Little Switch has the lowest group class rate on the Harbor through our sliding scale membership. However, for some, they may not be ready to commit. Group yoga doesn’t just cost money per class, it also costs time and resources – like transportation and comfortable clothing, et cetera. Never fear! I provide many yoga resources at no-cost – including online resources and in-person no-cost events. Please stay patient in these early weeks, and stay on the list!

9. Do you provide private instruction as well? 

I absolutely do! In fact at the bottom of this post you can read more about that.

10. What should I expect in group class?

Make sure to come to class a few minutes early! Respect the time of all participants as well as the instructor.

All you need is a yoga mat and comfortable clothes. I suggest wearing layers so you can add or remove them as we practice.

If you don’t have a mat, never fear! Students are welcome to use the mats we have here. If you don’t have a mat, never fear! Students are welcome to use the mats we have here. (I do recommend investing in your own mat, so you are more likely to practice at home too.)

Arrive at least five minutes before class start time, take off your shoes (and socks, usually), and find a comfortable spot. Arrive at least five minutes before class start time, take off your shoes (and socks, usually), and find a comfortable spot. If you think you may need help with balance, find a place near the wall.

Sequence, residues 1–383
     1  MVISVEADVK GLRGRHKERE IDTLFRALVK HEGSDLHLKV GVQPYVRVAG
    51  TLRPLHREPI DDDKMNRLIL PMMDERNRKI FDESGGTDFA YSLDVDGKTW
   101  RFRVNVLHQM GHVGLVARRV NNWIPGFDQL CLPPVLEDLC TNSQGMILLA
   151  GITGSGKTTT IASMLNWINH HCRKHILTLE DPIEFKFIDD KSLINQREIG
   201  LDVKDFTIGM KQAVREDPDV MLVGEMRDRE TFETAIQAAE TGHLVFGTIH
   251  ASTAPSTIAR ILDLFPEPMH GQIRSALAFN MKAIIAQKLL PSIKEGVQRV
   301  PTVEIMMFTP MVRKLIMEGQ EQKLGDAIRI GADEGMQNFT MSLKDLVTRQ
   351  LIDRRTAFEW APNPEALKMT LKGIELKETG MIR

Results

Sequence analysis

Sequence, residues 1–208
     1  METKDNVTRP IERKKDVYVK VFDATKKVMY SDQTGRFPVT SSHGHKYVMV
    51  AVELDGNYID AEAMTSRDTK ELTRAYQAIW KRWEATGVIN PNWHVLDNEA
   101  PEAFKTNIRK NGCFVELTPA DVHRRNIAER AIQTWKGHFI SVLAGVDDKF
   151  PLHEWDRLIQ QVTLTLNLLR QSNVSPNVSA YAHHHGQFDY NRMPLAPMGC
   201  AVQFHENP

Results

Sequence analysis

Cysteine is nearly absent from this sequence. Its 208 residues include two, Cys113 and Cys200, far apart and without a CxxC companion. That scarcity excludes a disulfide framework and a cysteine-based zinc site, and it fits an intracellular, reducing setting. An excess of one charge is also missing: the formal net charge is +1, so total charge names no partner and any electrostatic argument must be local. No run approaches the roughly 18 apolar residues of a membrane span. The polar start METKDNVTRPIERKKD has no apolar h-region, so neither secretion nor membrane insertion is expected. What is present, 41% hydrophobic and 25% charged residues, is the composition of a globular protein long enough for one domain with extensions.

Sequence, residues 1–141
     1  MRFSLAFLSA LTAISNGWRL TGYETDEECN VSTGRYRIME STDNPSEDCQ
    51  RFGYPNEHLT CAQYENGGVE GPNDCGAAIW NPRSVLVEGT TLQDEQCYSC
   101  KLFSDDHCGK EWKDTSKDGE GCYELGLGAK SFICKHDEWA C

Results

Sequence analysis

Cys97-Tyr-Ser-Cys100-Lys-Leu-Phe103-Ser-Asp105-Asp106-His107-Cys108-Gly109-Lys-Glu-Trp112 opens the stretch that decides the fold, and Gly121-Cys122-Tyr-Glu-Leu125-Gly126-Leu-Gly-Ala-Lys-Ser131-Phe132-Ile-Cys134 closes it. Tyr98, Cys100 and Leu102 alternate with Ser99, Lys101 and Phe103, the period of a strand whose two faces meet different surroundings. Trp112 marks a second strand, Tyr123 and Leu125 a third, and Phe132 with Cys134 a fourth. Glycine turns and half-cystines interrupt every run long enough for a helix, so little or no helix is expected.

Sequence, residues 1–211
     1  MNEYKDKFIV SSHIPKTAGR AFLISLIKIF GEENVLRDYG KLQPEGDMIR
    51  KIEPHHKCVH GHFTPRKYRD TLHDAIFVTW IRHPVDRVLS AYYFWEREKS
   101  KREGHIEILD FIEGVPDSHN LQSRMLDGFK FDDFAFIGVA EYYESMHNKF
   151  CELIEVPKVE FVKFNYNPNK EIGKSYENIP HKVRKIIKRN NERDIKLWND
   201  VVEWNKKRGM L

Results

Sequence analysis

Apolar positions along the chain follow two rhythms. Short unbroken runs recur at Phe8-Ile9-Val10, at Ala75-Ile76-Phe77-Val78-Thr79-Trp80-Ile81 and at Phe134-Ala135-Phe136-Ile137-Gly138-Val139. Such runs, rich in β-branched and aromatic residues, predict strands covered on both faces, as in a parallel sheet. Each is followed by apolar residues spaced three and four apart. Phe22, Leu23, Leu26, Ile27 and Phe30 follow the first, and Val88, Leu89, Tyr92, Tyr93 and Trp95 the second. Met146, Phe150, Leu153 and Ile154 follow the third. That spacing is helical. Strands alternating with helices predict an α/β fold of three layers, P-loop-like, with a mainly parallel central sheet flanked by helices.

We typically begin with a few centering moments, followed by a series of asanas – physical movements and poses designed to improve strength, flexibility, and balance. We use my yoga space’s blocks, straps, blankets, and other props to help each person reach proper alignment, expression, and breath.

Towards the end of the class, we wind down with savasana, or another resting pose. Then we close out our class, clean our mats, and put them away (along with other props). I almost always have time after class to talk!

Sunday group class I bring tea to share. You are not required to stay, but you are welcome to! You will find connection with the other community members who are investing in their yoga practices.

I write more about group class here.

11. What should I expect for a private session?

Private lessons are a gorgeous, luxurious gift you give yourself! They allow the time and space for yoga instruction and modification that is not possible during group class.

In private lessons we discuss in detail your goals and desires as well as your specific strengths, abilities, and preferences for movement and expression. It’s a great chance to talk about any limitations of or hopes for your practice, and to celebrate who you are today. We’ll take a look at some unique flows and movements to emphasize a deeper understanding of each posture, as well as assess the best modalities for what you’re looking for.

I find private lessons allow a heightened connection to the transformational benefits of practice. They are an investment of your time, energy, and commitment. They are perfect to compliment group class.

I wrote a bit more about what to expect in private instruction here.

You can book a private session with me her